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Eye on Boise: Laid-off Boise tech workers should have pick of jobs

Sun., June 1, 2014

BOISE – Here’s an example of how sought-after software engineers are in Boise: Several years after German software industry giant SAP bought out Sybase, another large company with a Boise office, it has now decided to consolidate elsewhere and shut down the Boise location that employs 30 software engineers. Those workers won’t be out of a job till the end of July, but last week, 23 other Treasure Valley tech companies came to a session organized by the Idaho Technology Council to pitch their current job openings to the soon-to-be-former SAP Sybase engineers.

“We added it up and there were 104 jobs that are available from those companies,” said Jay Larsen, technology council president.

Each company was given three minutes for its pitch, and then they all mingled at an open house. “There’s just such a big demand for computer science software professionals,” Larsen said.

Sybase, based in Dublin, California, acquired Boise-based Extended Systems in 2005, a company that was launched by former Hewlett-Packard employees in 1984.  SAP bought Sybase in 2010 for $5.8 billion.

Ed board opening

Idaho Gov. Butch Otter is calling for applications for an opening on the State Board of Education due to the retirement of longtime member Milford Terrell of Boise. Otter is taking applications through Monday, June 16; Terrell, who is stepping down June 30, has until February 2017 in his term, so that’s the term the appointee would serve.

Meanwhile, Otter still hasn’t made a decision on another opening on the state board, the one created when he named member Ken Edmunds the director of the state Department of Labor in November. Sixteen people applied for that opening, and the governor is deciding among four finalists, all of whom he’s interviewed.

“The governor’s always said about these things, he doesn’t believe in rushing them,” said Otter spokesman Jon Hanian. “He’d much rather take his time and make sure he’s got the right pick than meeting some artificial, self-imposed deadline. But given where we are, I don’t think it’s going to be very much longer” until that appointee is named.

The State Board of Education is charged by the Idaho Constitution with overseeing both higher education and the state’s K-12 public schools. It has eight members, including the state superintendent of schools. The seven members appointed by the governor, who serve five-year terms, are required by law to be selected “solely upon consideration of the ability of such appointees efficiently to serve the interests of the people, and education, without reference to locality, occupation, party affiliation or religion.” To be eligible, an applicant must have been a resident of the state for at least three years.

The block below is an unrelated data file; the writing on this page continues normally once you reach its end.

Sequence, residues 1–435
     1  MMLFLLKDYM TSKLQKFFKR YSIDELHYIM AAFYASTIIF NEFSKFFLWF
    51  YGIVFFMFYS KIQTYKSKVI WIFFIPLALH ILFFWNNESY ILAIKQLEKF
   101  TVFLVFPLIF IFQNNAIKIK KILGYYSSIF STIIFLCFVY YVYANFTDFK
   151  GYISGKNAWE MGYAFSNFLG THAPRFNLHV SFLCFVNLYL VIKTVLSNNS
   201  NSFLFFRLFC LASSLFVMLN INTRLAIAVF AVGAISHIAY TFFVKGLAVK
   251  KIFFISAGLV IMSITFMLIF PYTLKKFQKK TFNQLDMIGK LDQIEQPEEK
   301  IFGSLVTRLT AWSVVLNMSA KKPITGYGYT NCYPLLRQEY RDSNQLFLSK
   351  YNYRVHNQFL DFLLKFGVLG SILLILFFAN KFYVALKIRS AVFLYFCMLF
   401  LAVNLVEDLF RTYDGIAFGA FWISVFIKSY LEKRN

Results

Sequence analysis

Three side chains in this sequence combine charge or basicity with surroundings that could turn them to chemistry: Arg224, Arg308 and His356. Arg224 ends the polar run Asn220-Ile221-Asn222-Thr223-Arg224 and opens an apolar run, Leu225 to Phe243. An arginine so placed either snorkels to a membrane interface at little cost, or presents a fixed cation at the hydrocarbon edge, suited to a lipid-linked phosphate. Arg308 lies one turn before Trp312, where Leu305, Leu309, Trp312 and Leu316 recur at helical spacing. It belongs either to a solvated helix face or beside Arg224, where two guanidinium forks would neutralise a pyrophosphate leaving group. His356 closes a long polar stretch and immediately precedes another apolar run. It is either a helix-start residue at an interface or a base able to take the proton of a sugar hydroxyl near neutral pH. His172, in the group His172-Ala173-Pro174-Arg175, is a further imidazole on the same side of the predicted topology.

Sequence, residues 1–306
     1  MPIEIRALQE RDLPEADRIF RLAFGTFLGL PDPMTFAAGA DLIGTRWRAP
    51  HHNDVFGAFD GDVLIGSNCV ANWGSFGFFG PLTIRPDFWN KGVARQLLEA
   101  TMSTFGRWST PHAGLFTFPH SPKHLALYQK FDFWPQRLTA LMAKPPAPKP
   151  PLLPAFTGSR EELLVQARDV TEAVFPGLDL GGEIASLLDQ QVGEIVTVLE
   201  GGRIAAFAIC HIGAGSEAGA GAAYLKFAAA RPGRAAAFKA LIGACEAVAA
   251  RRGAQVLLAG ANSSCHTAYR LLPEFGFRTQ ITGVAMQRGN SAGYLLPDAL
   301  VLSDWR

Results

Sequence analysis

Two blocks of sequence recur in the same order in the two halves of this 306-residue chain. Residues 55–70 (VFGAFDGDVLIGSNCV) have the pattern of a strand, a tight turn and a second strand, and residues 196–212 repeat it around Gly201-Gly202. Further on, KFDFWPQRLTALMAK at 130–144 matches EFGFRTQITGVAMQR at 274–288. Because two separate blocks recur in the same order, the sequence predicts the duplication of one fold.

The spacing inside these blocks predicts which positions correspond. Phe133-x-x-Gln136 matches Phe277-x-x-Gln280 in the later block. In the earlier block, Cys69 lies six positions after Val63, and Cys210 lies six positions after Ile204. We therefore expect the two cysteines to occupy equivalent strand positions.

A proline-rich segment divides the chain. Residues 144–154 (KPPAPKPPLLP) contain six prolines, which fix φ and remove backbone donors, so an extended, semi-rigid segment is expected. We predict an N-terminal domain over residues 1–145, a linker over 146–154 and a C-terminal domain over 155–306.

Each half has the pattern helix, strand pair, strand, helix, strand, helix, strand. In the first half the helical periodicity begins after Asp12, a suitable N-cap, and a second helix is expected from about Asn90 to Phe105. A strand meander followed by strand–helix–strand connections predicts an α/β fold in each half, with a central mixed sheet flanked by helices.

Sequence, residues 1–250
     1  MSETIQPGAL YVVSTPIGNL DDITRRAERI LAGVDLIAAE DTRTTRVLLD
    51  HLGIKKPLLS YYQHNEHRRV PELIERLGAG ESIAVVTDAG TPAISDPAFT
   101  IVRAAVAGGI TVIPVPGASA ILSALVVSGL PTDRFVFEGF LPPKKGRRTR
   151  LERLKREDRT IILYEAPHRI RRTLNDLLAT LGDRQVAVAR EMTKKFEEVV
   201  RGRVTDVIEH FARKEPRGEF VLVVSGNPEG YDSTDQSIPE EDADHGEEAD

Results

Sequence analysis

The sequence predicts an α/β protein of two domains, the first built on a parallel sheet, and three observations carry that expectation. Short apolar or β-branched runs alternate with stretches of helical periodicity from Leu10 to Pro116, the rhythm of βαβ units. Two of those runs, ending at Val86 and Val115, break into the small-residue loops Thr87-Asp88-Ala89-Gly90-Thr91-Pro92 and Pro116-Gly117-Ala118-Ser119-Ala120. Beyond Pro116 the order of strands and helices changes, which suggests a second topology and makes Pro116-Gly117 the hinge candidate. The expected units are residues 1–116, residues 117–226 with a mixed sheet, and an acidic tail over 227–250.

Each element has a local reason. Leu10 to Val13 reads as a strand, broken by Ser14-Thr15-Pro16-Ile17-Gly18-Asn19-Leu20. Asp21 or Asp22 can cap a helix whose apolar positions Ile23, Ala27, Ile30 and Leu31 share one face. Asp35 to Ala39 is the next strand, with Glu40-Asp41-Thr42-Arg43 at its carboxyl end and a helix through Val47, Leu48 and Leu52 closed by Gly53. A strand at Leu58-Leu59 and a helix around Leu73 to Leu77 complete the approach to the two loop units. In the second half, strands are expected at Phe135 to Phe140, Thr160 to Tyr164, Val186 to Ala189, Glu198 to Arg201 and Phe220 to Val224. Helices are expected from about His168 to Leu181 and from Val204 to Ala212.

Huckabee to speak

The Idaho Republican Party has announced a second big-name speaker for its state convention in Moscow in June: Mike Huckabee. The former presidential candidate and former Arkansas governor will address the convention’s kickoff dinner on June 12; tickets are $50, or $200 including a VIP reception and photo-op. The convention also will feature Sen. Rand Paul as its keynote speaker during the Friday night banquet on June 13.

Mortimer eyes office

Sen. Dean Mortimer, R-Idaho Falls, is interested in taking over as chairman of the Senate Education Committee, Idaho Education News reports, now that longtime Chairman John Goedde, R-Coeur d’Alene, was defeated in the GOP primary. Mortimer, who was unopposed in the primary and also faces no opponent in November, said he’s sad Goedde lost, but already is mulling ideas for how he’d head the panel.

Decisions on committee chairmanships and assignments won’t come until the Legislature’s organizational session in December.

Otter won’t endorse?

Gov. Otter is now suggesting he may not endorse any candidate in the race for the next state Republican Party chairman, changing his approach, the Idaho Statesman’s Dan Popkey reported on Thursday.

Otter has been battling with a wing of the state party led in part by congressman Raul Labrador since it turned out his choice for chairman, Kirk Sullivan, in 2008 in favor of Norm Semanko. Otter’s been bitterly complaining ever since that the elected governor should have his choice for state party chairman.

On Thursday, Otter told Popkey he’s spoken with “a lot” of candidates for the chairman position and that he’s “comfortable so far with everybody that’s called.” That doesn’t include current Chairman Barry Peterson, with whom Otter said he’s not talked.

“If folks really want a grass-roots candidate, those of us in leadership positions are going to have to abstain from anointing or endorsing anybody,” Otter said.

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